اخترت هذه المقابلة من النيويورك تايمز، مع إلين بيالستوك، المختصة في علم الأعصاب الإدراكي. الفكرة هي أن ثنائية اللغة تعزز القدرات الإدراكية عند الإنسان وتحد من احتمالية الإصابة بالزهايمر، كما أن استخدام لغتين في الحياة اليومية يساعد في أداء أكثر من مهمة في الوقت ذاته. باختصار تعلم لغة ثانية وإتقانها كنز رائع.
A cognitive neuroscientist, Ellen Bialystok has spent almost 40 years learning about how bilingualism sharpens the mind. Her good news: Among other benefits, the regular use of two languages appears to delay the onset of Alzheimer’s disease symptoms. Dr. Bialystok, 62, a distinguished research professor of psychology at York University in Toronto, was awarded a $100,000 Killam Prize last year for her contributions to social science. We spoke for two hours in a Washington hotel room in February and again, more recently, by telephone. An edited version of the two conversations follows.
Q. How did you begin studying bilingualism?
A. You know, I didn’t start trying to find out whether bilingualism was bad or good. I did my doctorate in psychology: on how children acquire language. When I finished graduate school, in 1976, there was a job shortage in Canada for Ph.D.’s. The only position I found was with a research project studying second language acquisition in school children. It wasn’t my area. But it was close enough.
As a psychologist, I brought neuroscience questions to the study, like “How does the acquisition of a second language change thought?” It was these types of questions that naturally led to the bilingualism research. The way research works is, it takes you down a road. You then follow that road.
Q. So what exactly did you find on this unexpected road?
A. As we did our research, you could see there was a big difference in the way monolingual and bilingual children processed language. We found that if you gave 5- and 6-year-olds language problems to solve, monolingual and bilingual children knew, pretty much, the same amount of language.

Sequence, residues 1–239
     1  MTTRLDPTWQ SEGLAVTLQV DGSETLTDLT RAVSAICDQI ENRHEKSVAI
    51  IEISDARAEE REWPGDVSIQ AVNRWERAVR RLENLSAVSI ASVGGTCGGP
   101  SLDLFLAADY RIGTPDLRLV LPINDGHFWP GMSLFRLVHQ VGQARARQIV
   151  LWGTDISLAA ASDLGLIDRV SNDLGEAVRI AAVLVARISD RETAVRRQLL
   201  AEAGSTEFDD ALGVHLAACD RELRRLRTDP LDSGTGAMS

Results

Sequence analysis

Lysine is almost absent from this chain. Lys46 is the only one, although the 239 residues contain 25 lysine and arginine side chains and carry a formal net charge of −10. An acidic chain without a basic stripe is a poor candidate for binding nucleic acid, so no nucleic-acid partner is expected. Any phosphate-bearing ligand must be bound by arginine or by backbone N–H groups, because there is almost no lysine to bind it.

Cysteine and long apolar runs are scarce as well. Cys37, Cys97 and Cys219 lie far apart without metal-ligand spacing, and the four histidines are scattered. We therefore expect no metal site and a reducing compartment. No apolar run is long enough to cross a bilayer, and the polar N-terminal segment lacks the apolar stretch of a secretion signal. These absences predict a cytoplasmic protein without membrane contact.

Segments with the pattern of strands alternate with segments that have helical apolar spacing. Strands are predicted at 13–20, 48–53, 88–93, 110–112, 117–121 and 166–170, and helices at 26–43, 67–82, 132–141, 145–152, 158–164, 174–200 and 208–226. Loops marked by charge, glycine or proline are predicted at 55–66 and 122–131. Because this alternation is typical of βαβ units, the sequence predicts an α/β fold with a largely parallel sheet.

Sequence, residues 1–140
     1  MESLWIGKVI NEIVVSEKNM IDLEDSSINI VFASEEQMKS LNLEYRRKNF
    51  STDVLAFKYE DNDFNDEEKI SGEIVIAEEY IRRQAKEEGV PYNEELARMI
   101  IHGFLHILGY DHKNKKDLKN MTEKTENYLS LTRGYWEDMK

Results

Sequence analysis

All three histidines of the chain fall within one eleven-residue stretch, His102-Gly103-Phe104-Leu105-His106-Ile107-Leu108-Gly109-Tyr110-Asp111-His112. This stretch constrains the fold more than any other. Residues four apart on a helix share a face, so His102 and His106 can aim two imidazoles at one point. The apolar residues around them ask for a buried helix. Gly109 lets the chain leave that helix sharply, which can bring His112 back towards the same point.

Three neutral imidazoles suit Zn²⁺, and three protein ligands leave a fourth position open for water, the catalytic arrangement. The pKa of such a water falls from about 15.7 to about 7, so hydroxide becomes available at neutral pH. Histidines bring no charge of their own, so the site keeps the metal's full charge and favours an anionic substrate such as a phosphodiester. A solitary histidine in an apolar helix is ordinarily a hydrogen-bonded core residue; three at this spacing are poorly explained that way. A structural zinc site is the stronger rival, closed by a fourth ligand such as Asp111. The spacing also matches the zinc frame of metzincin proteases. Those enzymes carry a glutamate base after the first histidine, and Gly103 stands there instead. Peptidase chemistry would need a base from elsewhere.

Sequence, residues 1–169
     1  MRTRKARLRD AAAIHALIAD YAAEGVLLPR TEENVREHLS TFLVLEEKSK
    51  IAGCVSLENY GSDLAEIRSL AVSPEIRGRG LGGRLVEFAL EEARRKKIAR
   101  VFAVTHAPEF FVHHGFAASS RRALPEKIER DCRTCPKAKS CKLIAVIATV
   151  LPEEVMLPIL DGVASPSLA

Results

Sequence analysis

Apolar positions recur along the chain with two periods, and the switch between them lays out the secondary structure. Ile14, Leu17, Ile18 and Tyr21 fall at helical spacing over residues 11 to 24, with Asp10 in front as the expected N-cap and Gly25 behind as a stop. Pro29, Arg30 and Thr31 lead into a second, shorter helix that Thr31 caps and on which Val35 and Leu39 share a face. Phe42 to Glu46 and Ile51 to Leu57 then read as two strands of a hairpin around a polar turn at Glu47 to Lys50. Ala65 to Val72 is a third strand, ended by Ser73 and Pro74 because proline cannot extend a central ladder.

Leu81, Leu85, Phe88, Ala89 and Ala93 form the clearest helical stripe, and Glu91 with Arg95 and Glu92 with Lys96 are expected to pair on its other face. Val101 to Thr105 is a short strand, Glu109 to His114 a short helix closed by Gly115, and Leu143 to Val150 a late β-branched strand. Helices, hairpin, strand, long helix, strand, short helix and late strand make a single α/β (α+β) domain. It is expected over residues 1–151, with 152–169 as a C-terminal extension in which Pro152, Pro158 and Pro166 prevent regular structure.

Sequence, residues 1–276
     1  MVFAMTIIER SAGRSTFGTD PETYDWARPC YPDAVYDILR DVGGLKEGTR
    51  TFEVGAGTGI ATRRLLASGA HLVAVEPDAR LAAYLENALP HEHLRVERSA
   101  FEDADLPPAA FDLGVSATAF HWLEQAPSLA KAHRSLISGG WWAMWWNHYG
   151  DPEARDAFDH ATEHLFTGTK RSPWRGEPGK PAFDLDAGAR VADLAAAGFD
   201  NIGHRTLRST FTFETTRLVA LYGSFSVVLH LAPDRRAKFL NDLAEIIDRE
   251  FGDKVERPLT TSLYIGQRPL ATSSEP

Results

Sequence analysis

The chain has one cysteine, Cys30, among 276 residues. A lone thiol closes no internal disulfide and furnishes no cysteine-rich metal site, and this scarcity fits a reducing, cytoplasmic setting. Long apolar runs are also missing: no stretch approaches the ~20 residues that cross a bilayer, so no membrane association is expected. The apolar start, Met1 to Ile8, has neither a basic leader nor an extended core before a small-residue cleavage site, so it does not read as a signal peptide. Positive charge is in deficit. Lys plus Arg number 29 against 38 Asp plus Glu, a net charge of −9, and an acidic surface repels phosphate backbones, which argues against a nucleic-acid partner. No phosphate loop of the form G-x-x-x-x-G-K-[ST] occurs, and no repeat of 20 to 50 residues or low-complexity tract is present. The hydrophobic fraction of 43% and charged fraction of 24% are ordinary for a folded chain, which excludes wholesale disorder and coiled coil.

But on one question, there was a difference. We asked all the children if a certain illogical sentence was grammatically correct: “Apples grow on noses.” The monolingual children couldn’t answer. They’d say, “That’s silly” and they’d stall. But the bilingual children would say, in their own words, “It’s silly, but it’s grammatically correct.” The bilinguals, we found, manifested a cognitive system with the ability to attend to important information and ignore the less important.
Q. How does this work — do you understand it?
A. Yes. There’s a system in your brain, the executive control system. It’s a general manager. Its job is to keep you focused on what is relevant, while ignoring distractions. It’s what makes it possible for you to hold two different things in your mind at one time and switch between them.
If you have two languages and you use them regularly, the way the brain’s networks work is that every time you speak, both languages pop up and the executive control system has to sort through everything and attend to what’s relevant in the moment. Therefore the bilinguals use that system more, and it’s that regular use that makes that system more efficient.
Q. One of your most startling recent findings is that bilingualism helps forestall the symptoms of Alzheimer’s disease. How did you come to learn this?
A. We did two kinds of studies. In the first, published in 2004, we found that normally aging bilinguals had better cognitive functioning than normally aging monolinguals. Bilingual older adults performed better than monolingual older adults on executive control tasks. That was very impressive because it didn’t have to be that way. It could have turned out that everybody just lost function equally as they got older.